It's a bit of a slow week for new releases so far, so I've decided to blog about a band who released their debut album last week. Here are five interesting things about 28 Degrees Taurus:
1. There are two permanent members, Karina (vocals and bass) and Jinsen (guitars and vocals), plus an ever-changing, Spinal Tap-esque turnover of drummers.
2. Their debut album, All The Stars In Your Eyes, is available to download from Bandcamp. The album took two years to produce, and the band raised the money for recording by auctioning off preorders, plus more expensive options such as a song written about you on the next album, or Jinsen coming round to cook dinner for you, in addition to your music.
3. Karina is from Brazil.
4. They describe their sound as "shoegaze/psychedelic/ambient" (not always in that order). They even dip their toes into more unfashionable proggy guitar effects and swirly riffs, but they do it with a great deal of charm and some spooky multi-tracked girl-boy vocals.
5. As well as the longer, more atmospheric songs, All The Stars In Your Eyes contains several sweet two-minute jangle-pop gems, with girly vocals by Karina.
Yes, I know, the title of this post is a total cliche. However, fear not. There will be no Ibiza compilations or Festival Classics here. It's just a handy hook upon which to hang two lovely new bands I've found.
First up are Sun Airway, aka Jon and Patrick from Philadelphia, who I found on the Yvynyl blog, who described their song Waiting On You as "beachy delight and pop cotton candy". So far, so summery. This is a soundtrack to the summer of barbecue parties and drinking a nice glass of something in the evening, if such cool little tunes ever made it on to the stereo at barbecue parties, instead of the aforementioned Ibiza compilations and Festival Classics. The subtle laid-back hip-hop beat, the upbeat walking bassline, the hint of castanets, the laconic vocal - it all brings summer to mind. There's something quite lovely and poetic to the lyrics too, with the refrain about not going down gently making me think of Dylan Thomas and his good night.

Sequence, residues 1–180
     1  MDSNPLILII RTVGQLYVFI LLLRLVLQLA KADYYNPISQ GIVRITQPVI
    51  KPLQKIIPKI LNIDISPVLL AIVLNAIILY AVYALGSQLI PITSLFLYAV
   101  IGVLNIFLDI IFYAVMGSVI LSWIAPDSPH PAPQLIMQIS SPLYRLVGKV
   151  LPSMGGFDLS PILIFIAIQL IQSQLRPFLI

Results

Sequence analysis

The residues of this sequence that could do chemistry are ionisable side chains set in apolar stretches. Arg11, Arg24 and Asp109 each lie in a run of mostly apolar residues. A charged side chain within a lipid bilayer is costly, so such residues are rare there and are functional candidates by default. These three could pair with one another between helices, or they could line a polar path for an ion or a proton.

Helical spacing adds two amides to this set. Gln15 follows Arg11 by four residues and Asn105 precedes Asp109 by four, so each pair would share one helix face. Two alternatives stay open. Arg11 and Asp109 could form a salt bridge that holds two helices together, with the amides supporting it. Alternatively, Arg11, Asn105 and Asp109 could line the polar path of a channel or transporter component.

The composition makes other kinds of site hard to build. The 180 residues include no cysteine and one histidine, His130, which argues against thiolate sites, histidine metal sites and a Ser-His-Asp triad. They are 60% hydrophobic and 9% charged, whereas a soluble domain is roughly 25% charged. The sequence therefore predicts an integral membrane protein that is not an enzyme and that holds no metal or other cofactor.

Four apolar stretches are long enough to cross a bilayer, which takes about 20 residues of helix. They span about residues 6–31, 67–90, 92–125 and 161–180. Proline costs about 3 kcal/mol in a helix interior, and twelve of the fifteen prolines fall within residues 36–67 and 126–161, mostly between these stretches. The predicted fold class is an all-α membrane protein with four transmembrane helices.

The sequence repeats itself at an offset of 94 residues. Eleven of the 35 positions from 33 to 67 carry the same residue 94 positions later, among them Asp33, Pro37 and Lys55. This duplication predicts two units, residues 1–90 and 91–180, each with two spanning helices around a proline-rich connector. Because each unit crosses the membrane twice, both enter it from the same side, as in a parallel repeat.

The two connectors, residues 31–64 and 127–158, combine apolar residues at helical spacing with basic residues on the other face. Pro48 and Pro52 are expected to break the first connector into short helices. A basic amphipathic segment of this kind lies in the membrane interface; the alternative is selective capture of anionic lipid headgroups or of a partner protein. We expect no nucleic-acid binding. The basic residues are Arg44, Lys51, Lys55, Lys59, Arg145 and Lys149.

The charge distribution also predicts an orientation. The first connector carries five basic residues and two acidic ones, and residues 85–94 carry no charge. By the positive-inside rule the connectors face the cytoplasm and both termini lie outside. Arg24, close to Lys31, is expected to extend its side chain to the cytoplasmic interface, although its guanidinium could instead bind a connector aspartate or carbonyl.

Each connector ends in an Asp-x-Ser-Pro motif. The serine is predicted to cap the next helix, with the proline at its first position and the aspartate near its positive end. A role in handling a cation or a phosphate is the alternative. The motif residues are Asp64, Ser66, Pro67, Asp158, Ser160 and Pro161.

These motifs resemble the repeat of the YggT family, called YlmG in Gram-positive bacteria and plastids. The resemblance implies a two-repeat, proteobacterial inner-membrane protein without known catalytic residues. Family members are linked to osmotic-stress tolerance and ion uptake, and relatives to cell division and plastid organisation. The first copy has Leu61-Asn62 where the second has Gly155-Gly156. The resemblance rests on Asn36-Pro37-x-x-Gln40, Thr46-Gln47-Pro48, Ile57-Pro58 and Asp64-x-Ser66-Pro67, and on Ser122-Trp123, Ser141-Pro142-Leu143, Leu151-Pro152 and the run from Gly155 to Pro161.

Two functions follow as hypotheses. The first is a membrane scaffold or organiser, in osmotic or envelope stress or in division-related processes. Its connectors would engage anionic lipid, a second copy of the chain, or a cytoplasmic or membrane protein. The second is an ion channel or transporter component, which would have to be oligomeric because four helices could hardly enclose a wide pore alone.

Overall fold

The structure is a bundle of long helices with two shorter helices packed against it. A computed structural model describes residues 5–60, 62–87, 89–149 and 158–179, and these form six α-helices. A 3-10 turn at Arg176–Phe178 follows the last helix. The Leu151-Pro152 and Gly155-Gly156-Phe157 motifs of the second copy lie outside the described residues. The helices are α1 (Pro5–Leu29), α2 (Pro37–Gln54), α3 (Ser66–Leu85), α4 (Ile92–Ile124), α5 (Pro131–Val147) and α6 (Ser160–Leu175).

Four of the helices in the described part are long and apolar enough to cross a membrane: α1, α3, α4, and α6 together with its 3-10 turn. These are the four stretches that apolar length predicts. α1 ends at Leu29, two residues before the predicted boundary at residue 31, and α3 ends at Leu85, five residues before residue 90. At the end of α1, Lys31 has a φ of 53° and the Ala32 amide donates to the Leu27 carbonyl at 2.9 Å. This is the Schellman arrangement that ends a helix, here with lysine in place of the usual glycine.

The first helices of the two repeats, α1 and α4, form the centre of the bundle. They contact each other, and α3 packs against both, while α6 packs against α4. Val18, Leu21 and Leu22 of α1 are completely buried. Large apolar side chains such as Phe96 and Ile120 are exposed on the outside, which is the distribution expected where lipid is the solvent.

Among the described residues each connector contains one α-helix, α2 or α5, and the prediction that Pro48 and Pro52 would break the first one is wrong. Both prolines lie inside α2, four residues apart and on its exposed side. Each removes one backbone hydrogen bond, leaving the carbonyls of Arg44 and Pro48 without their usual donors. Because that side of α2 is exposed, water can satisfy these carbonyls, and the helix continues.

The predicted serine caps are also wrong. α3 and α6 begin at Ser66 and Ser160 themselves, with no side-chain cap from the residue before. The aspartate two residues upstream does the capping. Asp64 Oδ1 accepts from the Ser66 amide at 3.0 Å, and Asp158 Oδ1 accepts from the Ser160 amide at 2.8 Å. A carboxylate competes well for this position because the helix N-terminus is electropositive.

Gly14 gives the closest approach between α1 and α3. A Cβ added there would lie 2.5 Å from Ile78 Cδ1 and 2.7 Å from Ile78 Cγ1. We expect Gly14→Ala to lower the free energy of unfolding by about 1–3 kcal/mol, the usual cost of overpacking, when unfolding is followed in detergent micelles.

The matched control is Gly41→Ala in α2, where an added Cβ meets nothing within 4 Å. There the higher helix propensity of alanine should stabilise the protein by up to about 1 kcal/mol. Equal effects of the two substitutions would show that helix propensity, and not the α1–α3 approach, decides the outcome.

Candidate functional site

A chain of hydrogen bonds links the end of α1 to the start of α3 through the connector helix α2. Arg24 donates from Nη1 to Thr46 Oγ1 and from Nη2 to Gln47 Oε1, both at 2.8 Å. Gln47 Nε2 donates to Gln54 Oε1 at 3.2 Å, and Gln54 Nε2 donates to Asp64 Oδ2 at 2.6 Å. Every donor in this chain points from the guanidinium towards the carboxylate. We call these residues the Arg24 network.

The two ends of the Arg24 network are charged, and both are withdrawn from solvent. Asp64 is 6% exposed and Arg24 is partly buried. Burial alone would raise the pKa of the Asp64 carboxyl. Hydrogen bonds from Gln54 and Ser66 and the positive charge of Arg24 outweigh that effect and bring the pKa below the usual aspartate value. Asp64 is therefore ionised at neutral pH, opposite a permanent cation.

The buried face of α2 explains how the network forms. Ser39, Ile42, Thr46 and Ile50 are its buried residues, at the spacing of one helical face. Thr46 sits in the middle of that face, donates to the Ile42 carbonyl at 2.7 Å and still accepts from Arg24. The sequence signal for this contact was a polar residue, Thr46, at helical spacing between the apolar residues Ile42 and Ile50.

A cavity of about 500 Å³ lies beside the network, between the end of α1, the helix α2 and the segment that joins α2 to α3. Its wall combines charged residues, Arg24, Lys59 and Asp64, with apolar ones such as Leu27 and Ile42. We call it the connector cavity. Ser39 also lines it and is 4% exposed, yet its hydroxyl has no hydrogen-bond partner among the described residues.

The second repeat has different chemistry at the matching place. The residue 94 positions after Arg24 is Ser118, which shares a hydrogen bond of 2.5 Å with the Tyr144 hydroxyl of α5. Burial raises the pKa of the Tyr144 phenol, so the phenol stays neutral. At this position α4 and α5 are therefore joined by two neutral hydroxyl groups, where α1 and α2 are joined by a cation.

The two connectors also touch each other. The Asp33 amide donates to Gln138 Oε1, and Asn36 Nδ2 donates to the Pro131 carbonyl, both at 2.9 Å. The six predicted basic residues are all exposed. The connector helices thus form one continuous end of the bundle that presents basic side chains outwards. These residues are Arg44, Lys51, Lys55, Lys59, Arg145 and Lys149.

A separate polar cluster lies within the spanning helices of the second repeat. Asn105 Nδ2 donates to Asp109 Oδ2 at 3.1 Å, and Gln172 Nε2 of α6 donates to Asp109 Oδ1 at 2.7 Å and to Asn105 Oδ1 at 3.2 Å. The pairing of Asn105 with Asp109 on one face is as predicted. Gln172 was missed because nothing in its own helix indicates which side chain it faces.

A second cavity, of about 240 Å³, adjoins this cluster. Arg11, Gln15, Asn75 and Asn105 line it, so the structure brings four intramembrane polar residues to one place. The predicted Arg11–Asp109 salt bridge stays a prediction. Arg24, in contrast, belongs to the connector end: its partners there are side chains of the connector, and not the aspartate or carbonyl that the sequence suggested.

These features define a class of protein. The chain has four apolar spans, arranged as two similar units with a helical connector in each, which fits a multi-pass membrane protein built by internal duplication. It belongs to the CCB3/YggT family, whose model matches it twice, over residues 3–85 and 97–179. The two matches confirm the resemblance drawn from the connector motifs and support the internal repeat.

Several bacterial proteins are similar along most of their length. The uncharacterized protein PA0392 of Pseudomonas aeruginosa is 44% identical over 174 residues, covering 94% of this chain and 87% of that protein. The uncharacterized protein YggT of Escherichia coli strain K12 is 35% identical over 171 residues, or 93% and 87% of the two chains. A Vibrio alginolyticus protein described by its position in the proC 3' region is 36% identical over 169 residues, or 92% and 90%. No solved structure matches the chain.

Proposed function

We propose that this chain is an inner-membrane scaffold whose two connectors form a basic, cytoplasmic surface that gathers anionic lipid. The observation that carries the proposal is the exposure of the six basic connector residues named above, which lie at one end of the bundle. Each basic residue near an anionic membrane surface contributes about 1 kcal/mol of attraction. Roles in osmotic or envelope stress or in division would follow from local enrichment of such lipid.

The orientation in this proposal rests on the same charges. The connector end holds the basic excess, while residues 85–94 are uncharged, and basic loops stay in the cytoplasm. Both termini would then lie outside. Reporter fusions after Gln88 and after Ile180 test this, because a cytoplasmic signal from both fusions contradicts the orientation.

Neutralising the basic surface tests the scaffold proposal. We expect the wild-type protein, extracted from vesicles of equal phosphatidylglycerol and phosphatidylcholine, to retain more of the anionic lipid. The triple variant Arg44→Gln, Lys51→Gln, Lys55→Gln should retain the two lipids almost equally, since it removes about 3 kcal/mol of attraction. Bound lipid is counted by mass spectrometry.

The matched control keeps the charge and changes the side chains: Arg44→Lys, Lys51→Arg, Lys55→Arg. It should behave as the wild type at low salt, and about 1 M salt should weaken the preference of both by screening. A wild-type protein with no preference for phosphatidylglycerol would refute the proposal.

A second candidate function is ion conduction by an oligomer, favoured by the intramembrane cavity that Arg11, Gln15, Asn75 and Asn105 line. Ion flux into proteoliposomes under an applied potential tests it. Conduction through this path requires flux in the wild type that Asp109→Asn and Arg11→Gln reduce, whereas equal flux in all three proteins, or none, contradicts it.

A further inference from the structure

The second summer band that have caught my eye lately is Tamaryn. At first, I wasn't sure whether Tamaryn was a she or a they, but it appears that Tamaryn is a they: singer Tamaryn and producer/instrumentalist Rex, who are from San Francisco. They have been catching coverage from pretty much everyone, but I'm giving the credit to Salad Fork, as I think I heard their song Sandstone there first. Sandstone is a summer song of a completely different variety, a hazy, dreamy opus that brings to mind the fierce heat of a desert midday. Tamaryn's hushed, atmospheric vocals have been compared to Hope Sandoval's, which I feel is fair, although she is lower down in the mix than Hope was in Mazzy Star. The looped, treated guitars and insistent drums are as hypnotic as a desert mirage, to continue the analogy.
Cornelia Parker's latest exhibition at the Baltic Gallery in Newcastle features this new piece: the constituent instruments of a brass band, flattened by an industrial press and suspended in a dim lamplit room for inspection.
In a video interview for the Guardian, Cornelia explains how she liked the idea of wind instruments "exhaling" and being flat and "out of puff".
There is something almost comical about the installation, and Cornelia took inspiration from a Charlie Chaplin film where he accidentally flattens a fob watch in a press. However, for me, there is also something sad lurking under the surface, I think. The instruments make me think of colliery bands and how that part of our culture has been lost and "flattened".
Other works in the exhibition include wire tracery nets made from deconstituted bullets and ominous polished Colt gun cutouts. It runs until September.
Instead of picking up this week's new songs, I've decided to do something different for this week's Music on Monday. This post is the first in a short series I've got planned on new bands from Manchester, partly in the wake of the FUC51 thing and the ongoing flame war on Twitter that goes with it.
The first Manchester band I'm going to big up is The Switch. They've graced these pages before, when I reviewed their Dum Dum Girls support slot and gave them a hearty thumbs-up. Since then, I've located their Myspace page, found out a little about them and discovered that they've posted some new music in the past week.
The Switch in action.